repeaters during the transmission (timing jitter). The data signals are represented using
appropriate encoding (e.g., Manchester and differential Manchester encoding) which
can introduce clocking. The signals represented in these encoding techniques define some
form of clocking inherent in it at the expense of lower bandwidth. The clocking is detected
by the repeater at each node and it indicates at what time the repeater must sample the
incoming data signals to recover the bit data, and it also uses the clocking with the data
signals to be transmitted from the repeater of that node.
The operations performed in repeaters are different from those in amplifiers where
the signals are actually amplified in one direction at a time. In the case of repeaters, each
logic 1 and 0 is regenerated such that noises or attenuation, if present, are compensated
or nullified in the new values of logic (1 and 0) so generated by it. Repeaters can be
unidirectional or bidirectional, while amplifiers work only in unidirectional.
Each node connected to the ring has adjacent nodes at its right and left and, as such,
each repeater works for two links at any time. This topology enables unidirectional
transmission of data to all logically connected nodes; i.e., data is transmitted in only one
direction around the ring. The repeaters accept the data from one node bit by bit and pass
it on to the next connected node. The repeaters do not define any buffer and, as such, the
data can be received and transmitted at a faster speed, with the added advantage of
regeneration of digital signals at each node. The computers at the nodes are usually
microcomputers and are useful for geographic local networks. Since the nodes form a
ring, no routing is required.
The bidirectional loop structure can also be defined where one loop or ring carries
the data information in one direction while the other loop or ring carries the data in the
opposite direction. The number of hops required depends on the physical location of the

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Figure 7.7

Ring topology.

nodes and, in the worst case, will be (n 1) where n represents the number of nodes
connected to the ring.
A node sends the data packet (frame) to another node on the ring via a repeater
connected between them which includes the data and destination address. When the
data packet goes around the ring, and after a destination node recognizes its address
defined in the frame, it copies the data on its buffer. The data packet may have any number
of bits (from one bit to several bits). The data packets are transmitted as blocks or frames
known as protocol data units (PDUs). Each frame contains the users data, control information, and destination address. One of the designated nodes in the ring topology works
as a monitor node which is responsible for monitoring and controlling access to the ring
and various operations over the token within the ring topology (e.g., who creates the
token, who is taking away the token from the ring, who should get the token next, etc.).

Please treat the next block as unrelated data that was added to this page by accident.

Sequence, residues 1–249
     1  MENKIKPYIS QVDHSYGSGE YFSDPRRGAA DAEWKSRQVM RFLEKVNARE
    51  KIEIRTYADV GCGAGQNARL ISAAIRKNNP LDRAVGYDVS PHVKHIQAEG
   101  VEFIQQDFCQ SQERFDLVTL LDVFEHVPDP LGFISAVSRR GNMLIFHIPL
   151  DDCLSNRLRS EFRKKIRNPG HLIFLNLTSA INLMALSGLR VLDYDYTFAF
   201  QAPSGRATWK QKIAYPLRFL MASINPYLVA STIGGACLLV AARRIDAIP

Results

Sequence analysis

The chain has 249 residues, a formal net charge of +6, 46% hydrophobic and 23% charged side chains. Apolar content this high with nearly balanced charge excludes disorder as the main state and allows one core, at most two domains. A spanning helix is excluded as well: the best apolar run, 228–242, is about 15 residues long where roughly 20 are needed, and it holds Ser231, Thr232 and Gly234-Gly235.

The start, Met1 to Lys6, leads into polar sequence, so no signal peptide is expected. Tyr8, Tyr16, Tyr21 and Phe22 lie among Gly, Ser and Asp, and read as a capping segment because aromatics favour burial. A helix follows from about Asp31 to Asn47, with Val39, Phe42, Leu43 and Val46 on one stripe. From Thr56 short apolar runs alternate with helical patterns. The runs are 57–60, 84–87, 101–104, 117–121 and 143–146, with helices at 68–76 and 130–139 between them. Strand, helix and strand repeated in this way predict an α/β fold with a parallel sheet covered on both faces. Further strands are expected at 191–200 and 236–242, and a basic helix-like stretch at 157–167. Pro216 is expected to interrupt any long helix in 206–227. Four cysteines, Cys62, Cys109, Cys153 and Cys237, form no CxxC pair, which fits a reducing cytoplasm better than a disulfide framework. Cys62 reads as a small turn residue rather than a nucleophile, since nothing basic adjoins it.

This in turn depends on the access logic technique being used (in general, it is based on
token passing). The protocols used in the network usually are implemented in a distributed control environment.

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This topology defines a distributed network (DN) and supports high-speed data rates.
It usually supports a small number of connections (or nodes) and can be expanded easily
with minimal cabling, connections, etc., and supports the token passing method for
accessing the data over the network. This method determines which node gets an access
right to the ring for data communication. In this method, a token of unique fixed bit
pattern is defined and this token always circulates around the ring topology. Any node
wishing to send the frame must first capture the token. After it has captured the token, it
attaches the data packet (frame) with the token and sends it back onto the ring. The
destination node receives this token along with the frame, copies the frame onto its buffer,
and changes the bit position in the token frame to indicate its acknowledgment to the
sender node. At each node the incoming bits go through repeaters which regenerate the
digital signal. After the sender receives the acknowledgment, it sends back the token onto
the ring. Due to this action, this topology is also known as token passing topology. It is
not considered as survivable. The network interface devices are simply repeaters and, as
such, the nodes require less processing of functions needed to access the network (in
contrast to star topology, where complex processing of functions is needed to access the
network at each node). The only requirements in ring topology are that the nodes have
an access control logic and also are responsible for framing.
Here, the data packet (including control and data) is transmitted around the ring, and
each station requires a ring interface to be connected to the ring which is supplied by the
network vendors. The transmission media used in ring topology include twisted-pair